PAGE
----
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Is Your Soap Harming Your Skin Microbiome?

I talk a lot about how the bacteria in your gut – those trillions of organisms, collectively known as your gut microbiome – influence your skin health. There’s more and more research showing how strongly the gut and skin are linked. Keeping your gut bacteria balanced is clearly important for all aspects of your health, from skin health to mental health.

But your gut is not the only place that you have a microbiome. There’s also a microbiome on your skin. That’s right – it’s absolutely normal to have bacteria all over your skin. In fact, these organisms can be beneficial to our skin health – but they can also cause harm if the wrong ones grow out of balance. In fact, many common skin diseases, from eczema to acne, have been associated with imbalances in the skin microbiome. It’s crucial to keep your skin microbiome healthy in order to support the health of your skin. 

There are a lot of factors that go into supporting the health of your skin microbiome, from how much time you spend outside to what you eat to what type of skin care products you use. One of the important factors is how you wash your skin. Certain types of soaps have been found to create imbalances in the skin microbiome. It’s good to know what to watch out for, so you can choose cleansing products that are less likely to harm your skin microbiome.

The impact of antibacterial soaps on your skin microbiome

Soap is actually inherently antibacterial to some degree. But some soaps have extra antibacterial chemicals added to them. The problem with this is that it can kill off specific types of bacteria indiscriminately. In fact, studies have shown that when people start using antibacterial soap, their skin microbiome becomes less diverse.

The FDA actually banned certain types of antibacterial chemicals in soap, because it hasn’t been shown to be better at preventing illness than washing hands with regular soap. However, there are still certain antibacterial chemicals found in some soaps, including benzalkonium chloride, benzethonium chloride, and chloroxylenol. Watch out for any claims of being “antibacterial,” and try to avoid any soaps – or other cleansers – that have added antibacterial ingredients.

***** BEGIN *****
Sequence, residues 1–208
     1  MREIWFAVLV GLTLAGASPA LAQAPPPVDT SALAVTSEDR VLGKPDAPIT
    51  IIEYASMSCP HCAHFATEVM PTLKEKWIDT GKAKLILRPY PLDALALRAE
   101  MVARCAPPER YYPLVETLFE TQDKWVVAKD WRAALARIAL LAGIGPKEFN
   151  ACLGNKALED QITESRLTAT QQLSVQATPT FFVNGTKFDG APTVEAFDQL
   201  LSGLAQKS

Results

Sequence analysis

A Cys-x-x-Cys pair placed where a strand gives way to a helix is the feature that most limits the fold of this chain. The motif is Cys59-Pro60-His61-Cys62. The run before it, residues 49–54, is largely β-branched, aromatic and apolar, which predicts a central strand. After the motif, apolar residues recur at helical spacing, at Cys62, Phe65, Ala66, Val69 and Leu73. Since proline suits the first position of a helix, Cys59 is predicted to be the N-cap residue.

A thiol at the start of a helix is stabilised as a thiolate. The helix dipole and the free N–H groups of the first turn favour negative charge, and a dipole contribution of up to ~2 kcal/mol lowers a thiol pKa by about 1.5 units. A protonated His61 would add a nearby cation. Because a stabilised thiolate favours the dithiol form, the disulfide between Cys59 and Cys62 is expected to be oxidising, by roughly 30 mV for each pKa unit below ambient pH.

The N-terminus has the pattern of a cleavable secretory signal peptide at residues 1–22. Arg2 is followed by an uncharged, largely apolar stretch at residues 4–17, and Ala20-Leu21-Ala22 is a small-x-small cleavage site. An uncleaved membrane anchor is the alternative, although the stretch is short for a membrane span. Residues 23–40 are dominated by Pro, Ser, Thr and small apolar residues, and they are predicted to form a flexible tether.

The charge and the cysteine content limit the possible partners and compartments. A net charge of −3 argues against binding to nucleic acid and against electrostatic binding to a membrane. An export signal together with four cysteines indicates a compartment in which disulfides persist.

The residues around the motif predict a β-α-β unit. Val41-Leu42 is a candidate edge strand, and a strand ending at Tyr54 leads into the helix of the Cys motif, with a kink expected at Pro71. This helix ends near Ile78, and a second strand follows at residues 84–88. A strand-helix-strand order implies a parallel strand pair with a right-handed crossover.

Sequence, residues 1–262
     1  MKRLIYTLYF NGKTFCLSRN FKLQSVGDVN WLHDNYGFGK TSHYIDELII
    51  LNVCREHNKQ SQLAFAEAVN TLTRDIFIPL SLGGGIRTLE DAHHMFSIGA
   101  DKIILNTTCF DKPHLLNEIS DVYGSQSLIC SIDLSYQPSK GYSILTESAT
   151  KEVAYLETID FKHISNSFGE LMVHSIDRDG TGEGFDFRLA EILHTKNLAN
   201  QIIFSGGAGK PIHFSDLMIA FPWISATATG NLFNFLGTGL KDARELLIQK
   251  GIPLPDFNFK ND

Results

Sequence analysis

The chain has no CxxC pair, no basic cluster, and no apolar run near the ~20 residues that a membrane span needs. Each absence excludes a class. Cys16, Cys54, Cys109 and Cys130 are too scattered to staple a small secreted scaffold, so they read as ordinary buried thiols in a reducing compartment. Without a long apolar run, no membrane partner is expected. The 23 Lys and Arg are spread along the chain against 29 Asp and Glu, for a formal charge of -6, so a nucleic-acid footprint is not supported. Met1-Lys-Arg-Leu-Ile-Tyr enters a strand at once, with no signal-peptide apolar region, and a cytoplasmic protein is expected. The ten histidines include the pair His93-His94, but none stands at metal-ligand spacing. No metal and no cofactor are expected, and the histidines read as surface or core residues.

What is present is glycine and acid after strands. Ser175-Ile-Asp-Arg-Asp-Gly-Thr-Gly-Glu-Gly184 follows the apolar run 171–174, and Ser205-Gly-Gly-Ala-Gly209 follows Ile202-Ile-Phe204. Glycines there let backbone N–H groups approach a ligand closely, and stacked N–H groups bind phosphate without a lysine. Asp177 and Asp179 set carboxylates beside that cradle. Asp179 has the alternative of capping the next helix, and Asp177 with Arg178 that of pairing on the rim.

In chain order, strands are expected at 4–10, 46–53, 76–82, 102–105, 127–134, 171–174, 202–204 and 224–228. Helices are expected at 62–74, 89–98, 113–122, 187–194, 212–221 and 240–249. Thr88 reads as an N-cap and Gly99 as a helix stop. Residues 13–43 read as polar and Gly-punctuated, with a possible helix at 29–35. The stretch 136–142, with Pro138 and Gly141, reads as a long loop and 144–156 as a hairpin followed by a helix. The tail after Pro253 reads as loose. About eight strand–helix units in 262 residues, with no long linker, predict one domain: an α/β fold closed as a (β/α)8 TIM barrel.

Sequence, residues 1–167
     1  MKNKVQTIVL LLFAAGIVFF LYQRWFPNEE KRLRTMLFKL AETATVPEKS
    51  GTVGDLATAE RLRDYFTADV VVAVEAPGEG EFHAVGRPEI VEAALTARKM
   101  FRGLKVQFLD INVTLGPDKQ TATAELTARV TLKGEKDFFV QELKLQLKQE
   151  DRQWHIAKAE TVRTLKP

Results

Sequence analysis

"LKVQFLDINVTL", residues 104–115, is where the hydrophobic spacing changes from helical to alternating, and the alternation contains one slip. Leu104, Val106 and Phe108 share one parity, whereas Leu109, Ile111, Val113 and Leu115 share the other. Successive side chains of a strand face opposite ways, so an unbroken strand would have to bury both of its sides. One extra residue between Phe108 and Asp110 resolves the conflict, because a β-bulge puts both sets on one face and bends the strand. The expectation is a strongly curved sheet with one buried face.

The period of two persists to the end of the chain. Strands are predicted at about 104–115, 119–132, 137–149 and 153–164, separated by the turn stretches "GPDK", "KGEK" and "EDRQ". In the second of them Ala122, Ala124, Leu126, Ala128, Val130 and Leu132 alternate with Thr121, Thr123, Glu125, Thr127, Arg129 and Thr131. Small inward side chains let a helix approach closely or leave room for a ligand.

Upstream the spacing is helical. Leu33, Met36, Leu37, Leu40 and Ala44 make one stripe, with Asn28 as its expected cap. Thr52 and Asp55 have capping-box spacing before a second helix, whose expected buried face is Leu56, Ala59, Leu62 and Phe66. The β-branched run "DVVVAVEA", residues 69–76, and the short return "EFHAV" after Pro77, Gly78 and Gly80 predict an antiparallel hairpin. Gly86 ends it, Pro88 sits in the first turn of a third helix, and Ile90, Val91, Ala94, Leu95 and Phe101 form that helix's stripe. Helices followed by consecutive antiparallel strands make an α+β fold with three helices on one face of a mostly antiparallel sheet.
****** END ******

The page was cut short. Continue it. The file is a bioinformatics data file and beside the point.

Soaps vs cleansers

While many people think of soap as the only way to clean your skin, there are actually other options. In fact, for people with sensitive skin, soap is usually not the ideal choice. Soaps are generally harsher, and they may disrupt the skin’s microbiome more. Non-soap cleansers can be less harsh, so they kill off less of the healthy bacteria on your skin.

The pH, or acidity level, of whatever you use to clean your skin is also important. The skin’s natural pH is slightly acidic. However, soaps are highly alkaline, because of how they’re made. Because the bacteria that live on your skin are adapted to live in the slightly acidic environment that’s normal for your skin, using an alkaline soap isn’t great for your microbiome. It’s much healthier to look for a cleanser that’s neutral to slightly acidic – a pH of 5 to 7 is ideal. (7 is neutral.) Non-soap cleansers often have a pH in this range, which helps to preserve the microbiome.

There are also other reasons to be careful about soaps, especially on the face. Soap tends to disrupt the barrier function of the skin, by removing the natural oils and waxes of the skin. This is very drying, and can allow allergens and other irritants to get into the skin, potentially creating inflammation. It’s generally better to avoid soap on the face, and if you have sensitive skin, you may want to avoid it all over your body. Instead, use a gentler non-soap cleanser.

Many of the same bacterial species that are normally present in a healthy skin microbiome can actually cause an infection if the skin’s barrier is disrupted. This is called a “secondary infection,” and it’s a known risk in skin diseases like eczema and psoriasis. Keeping your skin’s barrier function healthy is important to keeping your microbiome from turning from healthy to harmful.

Keep in mind that not all non-soap cleansers are the same. Some cleansers that aren’t technically classified as “soap” can still be very harsh and drying. You’ll want to choose a cleanser that’s very gentle. One way to know that you’ve found a gentle one is when your skin doesn’t feel dry or tight after washing. If a cleanser causes a flare or breakout, it might not be gentle enough for your skin.

Finding the right skin care routine

Taking care of your skin involves more than just choosing the right products to cleanse, moisturize, and protect your skin – although this is certainly important. It also involves keeping a positive mindset and reducing stress, eating enough nutrients, maintaining a healthy gut microbiome, and getting enough exercise and sleep. Creating a skin-healthy lifestyle will also benefit you in many other ways, and it’s definitely worth the time and energy it takes to go on a journey of transforming your health. 

Most people benefit from having support. Inside our MGS Academy communities, you can ask other Skin Warriors for tips on specific products that they find helpful (or harmful), so you can give those a try too. My signature MGS Academy course is a complete guide to creating a skin-healthy lifestyle that you really love and will be happy to stick to for years to come. The brand-new version of the course will be launching soon – head over here to get on the waitlist or to learn more.

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